The glories of the English trip and the 1896 team’s success sealed baseball’s doom and cricket ascendancy for two decades. Trans-Atlantic cricket tours took place every four years. Campus publications effervesced, “The year 1900 and the word cricket have always seemed reciprocal,” and “Cricket is unquestionably the king of games at Haverford,” and “Cricket and springtime are entirely co-existent at Haverford.”
Occasional baseball subversives were visible. Edward Dale Freeman’s yearbook biography read, “Freeman held that cricket games went tame/Just give him baseball and the ‘National Game.'” A 1900 graduate wrote later that Haverford failed its students because “many a man of our day was a misfit (in post-college life) because the College provided no course in Baseball.” The only record of anyone hurling a baseball came in a track meet when William Supplee won the baseball throw for distance with a remarkable 330 feet, four inches in 1898.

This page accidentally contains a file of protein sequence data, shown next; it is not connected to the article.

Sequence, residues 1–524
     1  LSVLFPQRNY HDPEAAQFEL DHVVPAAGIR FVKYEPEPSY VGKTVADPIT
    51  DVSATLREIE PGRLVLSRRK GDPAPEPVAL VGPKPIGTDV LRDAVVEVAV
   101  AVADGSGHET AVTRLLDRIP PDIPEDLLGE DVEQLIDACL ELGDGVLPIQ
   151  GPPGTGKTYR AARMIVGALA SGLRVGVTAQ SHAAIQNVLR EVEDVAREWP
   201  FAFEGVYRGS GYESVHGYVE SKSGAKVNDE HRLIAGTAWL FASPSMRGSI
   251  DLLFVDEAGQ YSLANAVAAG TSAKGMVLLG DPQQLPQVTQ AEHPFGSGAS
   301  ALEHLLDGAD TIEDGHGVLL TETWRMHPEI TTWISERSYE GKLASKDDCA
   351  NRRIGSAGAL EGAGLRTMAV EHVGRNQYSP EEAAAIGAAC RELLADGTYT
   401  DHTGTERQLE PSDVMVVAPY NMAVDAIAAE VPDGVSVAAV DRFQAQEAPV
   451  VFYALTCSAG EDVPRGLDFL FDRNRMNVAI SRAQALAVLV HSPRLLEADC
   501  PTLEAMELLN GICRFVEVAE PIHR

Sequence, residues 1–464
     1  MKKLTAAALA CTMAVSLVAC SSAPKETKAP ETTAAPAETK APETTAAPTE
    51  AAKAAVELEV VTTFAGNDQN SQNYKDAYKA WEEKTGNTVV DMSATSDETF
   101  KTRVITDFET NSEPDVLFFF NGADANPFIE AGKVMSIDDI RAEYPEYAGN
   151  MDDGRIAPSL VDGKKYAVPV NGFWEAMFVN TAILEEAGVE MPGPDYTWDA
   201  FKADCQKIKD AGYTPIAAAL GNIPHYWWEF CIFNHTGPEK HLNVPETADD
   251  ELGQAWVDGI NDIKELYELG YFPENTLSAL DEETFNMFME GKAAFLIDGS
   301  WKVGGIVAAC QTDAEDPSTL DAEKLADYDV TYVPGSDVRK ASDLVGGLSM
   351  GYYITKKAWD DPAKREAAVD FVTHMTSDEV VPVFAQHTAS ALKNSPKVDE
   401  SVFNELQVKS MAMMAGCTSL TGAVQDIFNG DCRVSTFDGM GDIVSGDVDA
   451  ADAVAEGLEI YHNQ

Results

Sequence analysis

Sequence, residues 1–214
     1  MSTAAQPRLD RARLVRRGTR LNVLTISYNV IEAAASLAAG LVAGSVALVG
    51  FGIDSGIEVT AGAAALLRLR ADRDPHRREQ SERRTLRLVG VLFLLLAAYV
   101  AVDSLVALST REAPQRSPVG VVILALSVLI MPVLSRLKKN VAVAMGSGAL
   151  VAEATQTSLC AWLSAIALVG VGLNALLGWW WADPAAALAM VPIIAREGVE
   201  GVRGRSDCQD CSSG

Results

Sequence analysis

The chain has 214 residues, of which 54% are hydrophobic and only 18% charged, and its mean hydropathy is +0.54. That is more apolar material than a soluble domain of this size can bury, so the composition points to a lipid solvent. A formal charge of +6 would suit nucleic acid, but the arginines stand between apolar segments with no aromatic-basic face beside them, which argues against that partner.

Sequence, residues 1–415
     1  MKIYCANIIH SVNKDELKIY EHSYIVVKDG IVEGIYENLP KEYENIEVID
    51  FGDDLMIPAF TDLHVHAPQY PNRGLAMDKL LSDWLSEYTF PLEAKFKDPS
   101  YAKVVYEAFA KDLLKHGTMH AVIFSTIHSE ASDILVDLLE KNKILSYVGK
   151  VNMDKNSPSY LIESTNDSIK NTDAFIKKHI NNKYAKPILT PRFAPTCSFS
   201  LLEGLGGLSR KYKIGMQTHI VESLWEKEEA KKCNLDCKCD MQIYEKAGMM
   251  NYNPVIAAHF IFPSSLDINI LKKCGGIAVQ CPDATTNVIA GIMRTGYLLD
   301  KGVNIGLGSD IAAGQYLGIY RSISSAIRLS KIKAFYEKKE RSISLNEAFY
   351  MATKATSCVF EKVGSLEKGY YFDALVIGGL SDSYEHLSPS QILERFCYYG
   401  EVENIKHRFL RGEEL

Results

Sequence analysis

In 1901-02, Haverford fielded four cricket teams, involving 54 students out of a student body of just over 100 and three professors. Christy Morris ’04 inherited the cricket mantle of Lester and Scattergood and played on the 1900 English cricket tour before matriculating. Luckily, no NCAA existed to penalize this blatant violation of amateur eligibility standards. Football, track, tennis and golf were played, but little or no baseball. The lack of a baseball team was emphasized when William Gibbon Lindsay arrived in 1905-06 to earn a second bachelor’s degree after graduating from Guilford College where he’d been a baseball star. The North Carolinian eventually went on in 1912 to play second base for Napoleon Lajoie’s Cleveland entry in the American League after a distinguished minor league career. Unfortunately, his athletic activities at Haverford had to be limited to the bowling team and “pursuit of the fairer sex.”